DINTY: You mention above that throughout most of your career you wrote “about other people, being a chameleon in various and seemingly exotic worlds,” doing immersion research into “organ transplant surgeons, roboticists, baseball umpires.” That required certain skills of listening, and seeing, certainly, even before you began to put words onto the page. Did those skills manifest themselves somehow in this project? How does an immersion journalist immerse himself in, well, the self?
LEE: For me, doing an immersion is not only being a chameleon—but also being a camera. I observe the worlds about which I am writing as if I am making a movie. And then, at some point, I recreate the action—the scenes—at my desk, on my keyboard or notepad. I read and “watch” carefully until I think I have it right—or as right as I can get it at that moment. And then, and only then, do I begin to enter into the scene, the text, and allow myself to think about how I feel about what I have observed and composed.
More or less, I followed the same process writing this memoir and digging into me. I wrote the scenes that I remembered, the cinema I wanted to re-live and share with my readers, through the eye of my “self” camera, and then allowed myself to enter into the action in a deep mind-meld way. Ordinarily the reflection part of the immersion should be limited. After all, you are writing about other people. But memoir is about you, and so my reflection, my feelings, ideas, emotions had no boundaries. I allowed myself to go on and on. Paragraph after paragraph and page after page, if I felt so inclined. Until the stories I wrote were put into context and a balance was established between story and meaning. I am not saying that I stuck rigidly to this process because feelings often led to other stories—stuff that I didn’t even know I remembered or cared about. Tangents that sometimes went nowhere and sometimes also, embraced and clarified a great deal. I am also not saying that I knew exactly what I was doing, but that was my plan of action–the way in which I entered into the book, the method I knew best. What had worked for me in the past—over a lifetime. I guess you can’t, as they say, teach an old dog new tricks. But there’s always room for spontaneous adaption—tricking yourself, so to speak. That’s also the creative part of creative nonfiction—the “trick” that makes it work.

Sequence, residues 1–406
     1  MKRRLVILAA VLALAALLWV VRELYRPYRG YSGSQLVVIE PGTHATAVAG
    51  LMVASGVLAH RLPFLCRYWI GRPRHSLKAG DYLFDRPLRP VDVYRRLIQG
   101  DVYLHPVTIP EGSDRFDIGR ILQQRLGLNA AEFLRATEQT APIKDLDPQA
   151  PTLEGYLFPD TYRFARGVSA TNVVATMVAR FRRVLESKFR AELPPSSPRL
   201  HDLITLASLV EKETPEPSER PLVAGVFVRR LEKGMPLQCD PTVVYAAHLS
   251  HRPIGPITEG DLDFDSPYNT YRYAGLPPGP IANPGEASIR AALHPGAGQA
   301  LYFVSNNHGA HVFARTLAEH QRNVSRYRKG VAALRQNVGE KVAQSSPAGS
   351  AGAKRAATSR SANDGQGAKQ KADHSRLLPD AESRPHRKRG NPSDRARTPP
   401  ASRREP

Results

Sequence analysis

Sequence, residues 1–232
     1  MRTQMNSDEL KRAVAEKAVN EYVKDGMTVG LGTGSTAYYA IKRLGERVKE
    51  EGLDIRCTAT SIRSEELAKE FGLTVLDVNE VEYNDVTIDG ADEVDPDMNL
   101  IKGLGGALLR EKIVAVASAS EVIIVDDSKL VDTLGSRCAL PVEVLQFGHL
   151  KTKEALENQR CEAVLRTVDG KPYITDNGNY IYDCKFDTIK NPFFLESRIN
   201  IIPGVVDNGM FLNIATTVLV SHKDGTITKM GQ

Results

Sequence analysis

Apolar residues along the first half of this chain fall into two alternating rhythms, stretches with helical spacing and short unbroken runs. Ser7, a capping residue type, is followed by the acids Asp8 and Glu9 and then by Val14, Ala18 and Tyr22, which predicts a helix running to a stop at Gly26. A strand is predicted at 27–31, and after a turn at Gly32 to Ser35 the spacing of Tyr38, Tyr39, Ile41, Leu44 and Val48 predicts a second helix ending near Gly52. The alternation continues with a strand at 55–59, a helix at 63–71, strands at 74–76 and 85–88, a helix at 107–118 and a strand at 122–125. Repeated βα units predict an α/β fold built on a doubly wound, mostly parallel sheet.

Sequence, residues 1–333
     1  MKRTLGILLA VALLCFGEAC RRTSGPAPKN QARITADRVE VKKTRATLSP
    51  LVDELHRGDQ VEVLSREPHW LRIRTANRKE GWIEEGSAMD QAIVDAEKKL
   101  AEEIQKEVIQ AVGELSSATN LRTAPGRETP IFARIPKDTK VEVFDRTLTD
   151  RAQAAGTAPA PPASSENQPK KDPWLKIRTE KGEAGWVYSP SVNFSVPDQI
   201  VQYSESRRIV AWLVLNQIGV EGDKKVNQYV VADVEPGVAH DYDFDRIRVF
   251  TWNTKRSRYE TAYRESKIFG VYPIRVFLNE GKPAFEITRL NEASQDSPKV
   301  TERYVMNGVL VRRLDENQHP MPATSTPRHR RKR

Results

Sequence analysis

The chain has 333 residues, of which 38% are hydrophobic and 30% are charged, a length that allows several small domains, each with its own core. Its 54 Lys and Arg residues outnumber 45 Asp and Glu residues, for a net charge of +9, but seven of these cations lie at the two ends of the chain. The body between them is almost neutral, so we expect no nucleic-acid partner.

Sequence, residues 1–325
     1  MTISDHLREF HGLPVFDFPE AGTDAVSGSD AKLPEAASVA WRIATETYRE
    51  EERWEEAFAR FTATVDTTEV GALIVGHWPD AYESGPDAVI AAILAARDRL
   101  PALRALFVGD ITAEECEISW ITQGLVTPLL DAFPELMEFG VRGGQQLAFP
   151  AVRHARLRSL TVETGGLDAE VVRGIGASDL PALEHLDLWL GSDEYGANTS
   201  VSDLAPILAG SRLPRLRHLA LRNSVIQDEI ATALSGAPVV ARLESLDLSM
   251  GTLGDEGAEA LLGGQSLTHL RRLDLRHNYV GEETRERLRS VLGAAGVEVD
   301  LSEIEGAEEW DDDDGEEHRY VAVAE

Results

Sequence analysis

Dinty W. Moore is the founding editor of Brevity and author of the forthcoming memoir, To Hell with It: Of Sin and Sex, Chicken Wings, and Dante’s Entirely Ridiculous Inferno.
AWP 2014: The Ethics of Immersion
March 6, 2014 § 3 Comments
A guest post from Ann Beman. (For those of you wondering, we still have about ten more panel reports in our queue, and will continue rolling them out into next week):
Select seat with view of lectern. Check.
Push Voice Memo button on phone. Check.
Scribble panel title in notebook. Check.
I’m ready. So are the five panelists facing me, and so are the 60+ audience members surrounding me. We are the researchers in Room 607.
“It’s a bit of an oddball role,” began moderator Ana Maria Spagna. She described the ethical challenges experienced while researching Test Ride on the Sunnyland Bus, in which she explored her late father’s involvement in the Tallahassee bus boycott of 1957. The various people to whom she spoke had different and sometimes conflicting versions of the story, “as well as their own real lives and real pain,” she said. The crux became how to respect those peoples’ privacy, integrity, and culture: “How could I honor their stories and still tell some version of the truth? How could I characterise my relationship with them, because on one hand, these were friends of my late father, and on the other hand, they were subjects of a potential book?”